The sheriff said a search warrant was executed at the suspect’s home in Oxford and his cellphone was seized.

SWIFT ACTION SAVED LIVES

Bouchard credited swift action by his deputies for preventing greater loss of life, saying they arrived on the scene within minutes and moved straight toward the sound of gunshots.

Officers confronted the young assailant advancing down a hallway toward them with a loaded weapon, and he put his hands over his head and surrendered, Bouchard said.

The precise sequence of events during the violence remained unclear, but police believe the student carried the weapon into school in a backpack, the sheriff said.

“The only information I have is that he came out of a bathroom with a weapon, and I don’t know where he went first,” Bouchard said.

Prosecutors will decide what charges to bring and whether the suspect should be treated as an adult or juvenile, the sheriff said.

The boy, who was unharmed, was being detained in a special cell under suicide watch at a juvenile detention center, Oakland County Executive David Coulter said.

The boy apparently “had been shooting” the gun before Tuesday’s attack and had posted pictures of the weapon and a target he was using, according to the sheriff.

(By Steve Gorman in Los Angeles and Brendan O’Brien in Chicago; Editing by Lincoln Feast and Jonathan Oatis)

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Moderna could be sued over vaccines as court upholds patents

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Moderna could be sued over vaccines as court upholds patents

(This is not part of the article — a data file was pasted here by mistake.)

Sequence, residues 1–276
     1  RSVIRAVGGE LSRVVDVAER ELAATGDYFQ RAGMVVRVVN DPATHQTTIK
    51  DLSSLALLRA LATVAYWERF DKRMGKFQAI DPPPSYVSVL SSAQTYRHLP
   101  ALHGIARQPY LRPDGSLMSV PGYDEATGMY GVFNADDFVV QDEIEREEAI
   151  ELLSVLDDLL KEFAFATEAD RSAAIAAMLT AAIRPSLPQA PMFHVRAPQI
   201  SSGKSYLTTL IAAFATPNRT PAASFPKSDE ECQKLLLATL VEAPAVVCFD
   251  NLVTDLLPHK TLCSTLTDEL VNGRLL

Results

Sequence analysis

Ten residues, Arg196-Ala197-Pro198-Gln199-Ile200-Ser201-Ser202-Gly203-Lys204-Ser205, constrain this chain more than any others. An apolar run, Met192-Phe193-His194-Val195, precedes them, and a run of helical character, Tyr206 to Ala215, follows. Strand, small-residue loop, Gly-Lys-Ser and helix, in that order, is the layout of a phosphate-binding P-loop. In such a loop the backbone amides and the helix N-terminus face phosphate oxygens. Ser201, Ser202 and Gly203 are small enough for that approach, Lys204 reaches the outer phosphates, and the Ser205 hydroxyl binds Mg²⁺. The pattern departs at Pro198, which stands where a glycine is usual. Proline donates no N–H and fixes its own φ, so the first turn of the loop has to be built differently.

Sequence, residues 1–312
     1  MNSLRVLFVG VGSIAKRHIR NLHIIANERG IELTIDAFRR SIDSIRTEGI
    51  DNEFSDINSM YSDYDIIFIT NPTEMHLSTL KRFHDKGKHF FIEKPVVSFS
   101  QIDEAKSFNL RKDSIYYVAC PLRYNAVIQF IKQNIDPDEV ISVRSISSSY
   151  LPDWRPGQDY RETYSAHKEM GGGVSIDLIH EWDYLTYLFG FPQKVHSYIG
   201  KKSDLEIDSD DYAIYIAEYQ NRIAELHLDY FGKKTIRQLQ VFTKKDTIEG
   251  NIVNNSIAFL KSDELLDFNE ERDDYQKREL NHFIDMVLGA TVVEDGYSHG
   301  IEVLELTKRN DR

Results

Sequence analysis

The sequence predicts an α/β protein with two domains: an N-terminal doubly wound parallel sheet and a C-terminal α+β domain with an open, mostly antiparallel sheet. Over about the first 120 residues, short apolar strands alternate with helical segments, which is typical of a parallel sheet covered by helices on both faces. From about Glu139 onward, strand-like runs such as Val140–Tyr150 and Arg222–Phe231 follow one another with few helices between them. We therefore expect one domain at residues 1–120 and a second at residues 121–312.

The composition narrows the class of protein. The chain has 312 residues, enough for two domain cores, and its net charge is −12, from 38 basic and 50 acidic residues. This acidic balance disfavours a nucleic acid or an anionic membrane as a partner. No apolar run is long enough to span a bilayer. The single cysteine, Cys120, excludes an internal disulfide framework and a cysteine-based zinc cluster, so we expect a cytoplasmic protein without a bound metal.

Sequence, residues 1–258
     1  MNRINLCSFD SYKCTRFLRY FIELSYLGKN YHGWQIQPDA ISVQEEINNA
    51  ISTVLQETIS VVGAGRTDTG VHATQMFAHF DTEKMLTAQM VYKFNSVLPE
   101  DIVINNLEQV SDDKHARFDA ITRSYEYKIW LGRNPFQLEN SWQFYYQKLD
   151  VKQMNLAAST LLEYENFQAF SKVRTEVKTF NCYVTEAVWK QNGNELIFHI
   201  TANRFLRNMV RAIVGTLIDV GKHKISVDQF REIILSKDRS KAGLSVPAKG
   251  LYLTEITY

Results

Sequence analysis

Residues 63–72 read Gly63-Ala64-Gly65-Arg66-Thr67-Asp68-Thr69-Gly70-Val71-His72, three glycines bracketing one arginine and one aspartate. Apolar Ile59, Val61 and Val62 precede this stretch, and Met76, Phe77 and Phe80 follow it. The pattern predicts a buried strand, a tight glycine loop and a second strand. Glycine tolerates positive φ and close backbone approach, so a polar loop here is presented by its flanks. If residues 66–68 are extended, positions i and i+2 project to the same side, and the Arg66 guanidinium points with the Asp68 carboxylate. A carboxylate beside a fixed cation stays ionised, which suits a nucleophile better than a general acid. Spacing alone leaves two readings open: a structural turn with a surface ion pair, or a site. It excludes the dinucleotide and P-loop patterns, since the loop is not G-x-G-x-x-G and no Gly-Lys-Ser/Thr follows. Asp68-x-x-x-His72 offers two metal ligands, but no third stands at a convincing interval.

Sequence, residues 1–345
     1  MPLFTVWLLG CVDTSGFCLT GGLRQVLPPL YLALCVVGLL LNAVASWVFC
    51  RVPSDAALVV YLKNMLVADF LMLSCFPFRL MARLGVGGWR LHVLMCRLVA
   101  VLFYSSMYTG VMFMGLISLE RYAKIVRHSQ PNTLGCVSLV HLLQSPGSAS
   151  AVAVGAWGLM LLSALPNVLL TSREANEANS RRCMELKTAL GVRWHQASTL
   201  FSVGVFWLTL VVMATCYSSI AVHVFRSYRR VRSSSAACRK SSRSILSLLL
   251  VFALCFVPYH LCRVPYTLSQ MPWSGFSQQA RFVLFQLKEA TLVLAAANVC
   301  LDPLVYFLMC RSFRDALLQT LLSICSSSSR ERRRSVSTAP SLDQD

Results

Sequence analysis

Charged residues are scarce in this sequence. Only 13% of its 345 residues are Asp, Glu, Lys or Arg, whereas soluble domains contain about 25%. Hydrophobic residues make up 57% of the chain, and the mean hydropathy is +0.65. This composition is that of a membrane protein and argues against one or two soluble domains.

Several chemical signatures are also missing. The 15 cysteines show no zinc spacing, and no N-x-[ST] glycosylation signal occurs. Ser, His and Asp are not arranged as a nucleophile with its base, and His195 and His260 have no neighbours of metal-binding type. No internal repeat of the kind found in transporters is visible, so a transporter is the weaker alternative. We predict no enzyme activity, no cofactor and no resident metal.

© Reuters. FILE PHOTO: A vial and a syringe are seen in front of a displayed Moderna logo, in this illustration taken, November 27, 2021. REUTERS/Dado Ruvic/Illustration

By Brendan Pierson

(Reuters) -Moderna Inc could face a patent infringement lawsuit over its COVID-19 vaccine after a federal appeals court on Wednesday rejected its challenge to patents belonging to Arbutus Biopharma (NASDAQ:) Corp.

The Federal Circuit U.S. Court of Appeals let stand an administrative panel’s findings that Arbutus’ patents, which may cover technology used in the vaccines, are not obvious in light of previously known science and so are valid.

Arbutus shares were up $1.63, or 51% higher, at $4.83. Moderna (NASDAQ:) shares fell almost 9% to $321.15.

Moderna and Arbutus did not immediately respond to requests for comment.

Moderna previously said in court filings that it believes Arbutus could bring a lawsuit demanding royalties from its COVID-19 vaccine if the patents are upheld.

The company last month forecast 2021 sales of between $15 billion and $18 billion, and 2022 sales of between $17 billion and $22 billion, for its COVID-19 vaccine.

Both patents in question involve the so-called lipid nanoparticles that enclose the genetic material, known as messenger RNA (mRNA), in the vaccine. The technology could prove useful in developing future mRNA-based vaccines against other illnesses as well.

Moderna initially challenged the patents before the U.S. Patent Trial and Appeal Board, part of the federal patent office. The board agreed with Moderna that some portions of one of the patents were invalid but otherwise sided with Arbutus, and the Federal Circuit upheld its findings.

Disclaimer: Fusion Media would like to remind you that the data contained in this website is not necessarily real-time nor accurate. All CFDs (stocks, indexes, futures) and Forex prices are not provided by exchanges but rather by market makers, and so prices may not be accurate and may differ from the actual market price, meaning prices are indicative and not appropriate for trading purposes. Therefore Fusion Media doesn`t bear any responsibility for any trading losses you might incur as a result of using this data.

Fusion Media or anyone involved with Fusion Media will not accept any liability for loss or damage as a result of reliance on the information including data, quotes, charts and buy/sell signals contained within this website. Please be fully informed regarding the risks and costs associated with trading the financial markets, it is one of the riskiest investment forms possible.